2. Go easy with the ads. Ads generate income, but if they are blinking all over your page your readers will go elsewhere. Most ads are best placed above the fold, or on the part of the page accessible without scrolling. This handy graphic shows a heat map designed by Google to show clients the best placement for advertising on their website.) Here’s a visual:



Follow this three-rule equation for ads:

  • Rule number one: Don’t place ads in the middle of your content.
  • Rule number two: Avoid too much flashing and blinking.
  • Rule number three: Target each ad so you don’t have to put so many on the page
  1. Create a theme for the content – and stick to it. Many bloggers start with a great idea and then stray from the topic. Short attention spans and not a lot of time mean most readers lose interest in mere seconds (This report by Nielsen Norman Group shows you have just ten to twenty seconds to grab a reader’s attention!) Therefore, it’s imperative you keep your blog topics on point, so you don’t lose the reader who is most interested in what you have to say (but aren’t saying).
  2. Encourage interaction. It’s a social media frenzy we live in these days. Everyone wants to be heard. If you offer content that asks questions of the readers, and you offer follow up to those questions, chances are your readers will keep coming back for more. Turn on comments. Ask questions. Then return to answer them.
  3. 5 second test. If you aren’t sure whether or not your web site conveys the message you want, follow Scranton University’s Writing for the Web 5 second test: Ask someone to glance at your website for five seconds and then turn away. Then ask them this: What is my site about? If they aren’t sure, or if their answer doesn’t match up with your goals for the site, it’s time to restructure. (If this IS the case, consider your text: Is it to the point? Do key words stand out? Does advertising match the purpose?)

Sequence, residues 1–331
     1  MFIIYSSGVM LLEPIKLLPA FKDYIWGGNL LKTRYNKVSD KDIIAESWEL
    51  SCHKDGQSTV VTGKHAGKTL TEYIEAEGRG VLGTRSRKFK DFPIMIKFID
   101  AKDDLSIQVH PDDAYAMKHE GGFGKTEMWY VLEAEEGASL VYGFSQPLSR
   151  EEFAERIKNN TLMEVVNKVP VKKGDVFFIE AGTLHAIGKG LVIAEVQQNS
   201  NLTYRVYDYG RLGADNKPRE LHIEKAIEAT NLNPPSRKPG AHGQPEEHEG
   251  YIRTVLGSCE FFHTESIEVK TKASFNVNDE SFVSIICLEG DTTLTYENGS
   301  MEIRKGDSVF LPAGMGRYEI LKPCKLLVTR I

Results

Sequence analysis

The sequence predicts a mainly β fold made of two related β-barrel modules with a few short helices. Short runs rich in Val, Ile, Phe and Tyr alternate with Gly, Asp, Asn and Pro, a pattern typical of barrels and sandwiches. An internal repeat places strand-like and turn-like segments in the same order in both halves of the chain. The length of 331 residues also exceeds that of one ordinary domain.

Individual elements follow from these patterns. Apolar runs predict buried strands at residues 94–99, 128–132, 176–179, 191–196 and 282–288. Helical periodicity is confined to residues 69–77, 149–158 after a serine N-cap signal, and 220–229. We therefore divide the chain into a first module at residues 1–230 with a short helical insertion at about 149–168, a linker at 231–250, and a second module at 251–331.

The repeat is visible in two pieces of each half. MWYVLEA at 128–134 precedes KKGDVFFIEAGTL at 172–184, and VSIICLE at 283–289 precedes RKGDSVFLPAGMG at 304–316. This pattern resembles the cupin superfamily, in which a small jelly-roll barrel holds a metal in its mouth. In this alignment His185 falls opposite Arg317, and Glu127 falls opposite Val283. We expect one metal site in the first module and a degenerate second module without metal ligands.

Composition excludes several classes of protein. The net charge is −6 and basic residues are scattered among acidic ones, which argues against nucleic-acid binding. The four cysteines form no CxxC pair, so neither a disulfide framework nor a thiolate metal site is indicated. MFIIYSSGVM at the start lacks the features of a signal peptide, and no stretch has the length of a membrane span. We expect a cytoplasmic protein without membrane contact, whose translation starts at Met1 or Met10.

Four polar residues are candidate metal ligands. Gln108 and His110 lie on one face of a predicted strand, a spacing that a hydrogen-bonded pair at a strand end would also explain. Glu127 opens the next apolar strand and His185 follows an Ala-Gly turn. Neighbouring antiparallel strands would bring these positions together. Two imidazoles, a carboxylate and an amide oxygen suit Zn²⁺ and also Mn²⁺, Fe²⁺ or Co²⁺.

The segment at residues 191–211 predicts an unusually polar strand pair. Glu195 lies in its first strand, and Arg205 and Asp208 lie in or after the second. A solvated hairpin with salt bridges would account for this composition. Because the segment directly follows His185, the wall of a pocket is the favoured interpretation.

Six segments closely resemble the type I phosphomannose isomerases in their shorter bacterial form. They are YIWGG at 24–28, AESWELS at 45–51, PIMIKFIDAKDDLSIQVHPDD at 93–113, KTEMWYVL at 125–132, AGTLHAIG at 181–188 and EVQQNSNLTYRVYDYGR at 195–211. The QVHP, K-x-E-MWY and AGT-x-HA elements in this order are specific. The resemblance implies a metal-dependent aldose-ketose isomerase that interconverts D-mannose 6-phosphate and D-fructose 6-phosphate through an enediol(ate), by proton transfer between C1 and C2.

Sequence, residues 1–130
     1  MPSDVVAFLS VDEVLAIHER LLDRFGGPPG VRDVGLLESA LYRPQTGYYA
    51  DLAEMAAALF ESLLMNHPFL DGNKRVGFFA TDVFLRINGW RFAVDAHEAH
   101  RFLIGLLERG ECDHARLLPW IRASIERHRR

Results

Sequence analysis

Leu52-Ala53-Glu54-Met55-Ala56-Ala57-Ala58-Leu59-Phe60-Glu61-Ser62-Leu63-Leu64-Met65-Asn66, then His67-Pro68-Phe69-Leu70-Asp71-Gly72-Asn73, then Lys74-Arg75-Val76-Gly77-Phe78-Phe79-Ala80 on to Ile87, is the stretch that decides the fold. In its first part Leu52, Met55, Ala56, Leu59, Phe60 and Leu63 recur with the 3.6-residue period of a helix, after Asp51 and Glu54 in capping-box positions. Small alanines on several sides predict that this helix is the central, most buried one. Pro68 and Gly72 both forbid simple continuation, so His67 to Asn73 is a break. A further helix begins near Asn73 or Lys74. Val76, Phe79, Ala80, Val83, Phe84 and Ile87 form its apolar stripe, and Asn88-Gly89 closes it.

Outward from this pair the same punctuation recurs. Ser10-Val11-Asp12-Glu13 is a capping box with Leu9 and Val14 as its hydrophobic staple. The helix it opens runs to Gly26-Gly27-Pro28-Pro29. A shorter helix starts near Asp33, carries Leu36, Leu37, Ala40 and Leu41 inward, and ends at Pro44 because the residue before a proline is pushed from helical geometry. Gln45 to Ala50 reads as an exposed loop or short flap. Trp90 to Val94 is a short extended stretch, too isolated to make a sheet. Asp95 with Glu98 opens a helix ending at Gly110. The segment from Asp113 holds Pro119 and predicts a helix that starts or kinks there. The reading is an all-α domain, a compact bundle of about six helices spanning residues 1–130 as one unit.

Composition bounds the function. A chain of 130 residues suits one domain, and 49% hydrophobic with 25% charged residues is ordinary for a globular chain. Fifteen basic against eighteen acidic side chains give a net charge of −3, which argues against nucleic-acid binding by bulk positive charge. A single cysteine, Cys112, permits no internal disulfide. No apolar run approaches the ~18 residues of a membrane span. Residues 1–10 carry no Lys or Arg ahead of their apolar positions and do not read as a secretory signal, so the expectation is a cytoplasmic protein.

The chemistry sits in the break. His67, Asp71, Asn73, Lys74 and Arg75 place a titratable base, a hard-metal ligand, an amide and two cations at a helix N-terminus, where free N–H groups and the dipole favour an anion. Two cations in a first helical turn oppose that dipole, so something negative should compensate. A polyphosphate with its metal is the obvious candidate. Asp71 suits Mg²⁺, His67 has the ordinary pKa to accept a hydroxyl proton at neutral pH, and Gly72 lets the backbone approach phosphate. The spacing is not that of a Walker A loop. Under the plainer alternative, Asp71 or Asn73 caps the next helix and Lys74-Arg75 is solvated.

Dramatically improving your responsive website – how and why


Since the boom of mobile devices on world market, internet became an even more accessed source of information, as Wi-Fi networks and mobile data plans became faster and more accessible for the regular user. Nowadays every Smartphone is capable of accessing internet websites, allowing the user to browse them. Still, as mobile phones have different resolutions and smaller screens than computers do, it is a great challenge to deliver content in such a matter that it will both look good and load fast on any mobile device as Smartphone or tablets.

The need of making websites load and look well on any device lead to development of responsive websites.  Responsive web design offers the possibility for web programmers and designers as well to create optimized design layouts for smart phones and tablets. A great reason to work with responsive design is the fast changes that mobile devices’ displays are suffering in terms of resolution and size; using a framework as bootstrap makes responsive development easier, in the same time creating a great learning environment.

Users are closing the window before it loads

Even so, working with responsive websites isn’t a job without any impediments or challenges; in fact, the first element that comes into the way of obtaining performances in responsive design is the quantity of information delivered through mobile networks. On other words, each time a page is loaded into the browser, the full HTML content is served to the device, no matter if it’s mobile or not. This way, because every time there are non-required elements that load up, the overall loading time is quite high. On a world average, the regular internet user closes the browser if a web page takes longer than 3 seconds to load.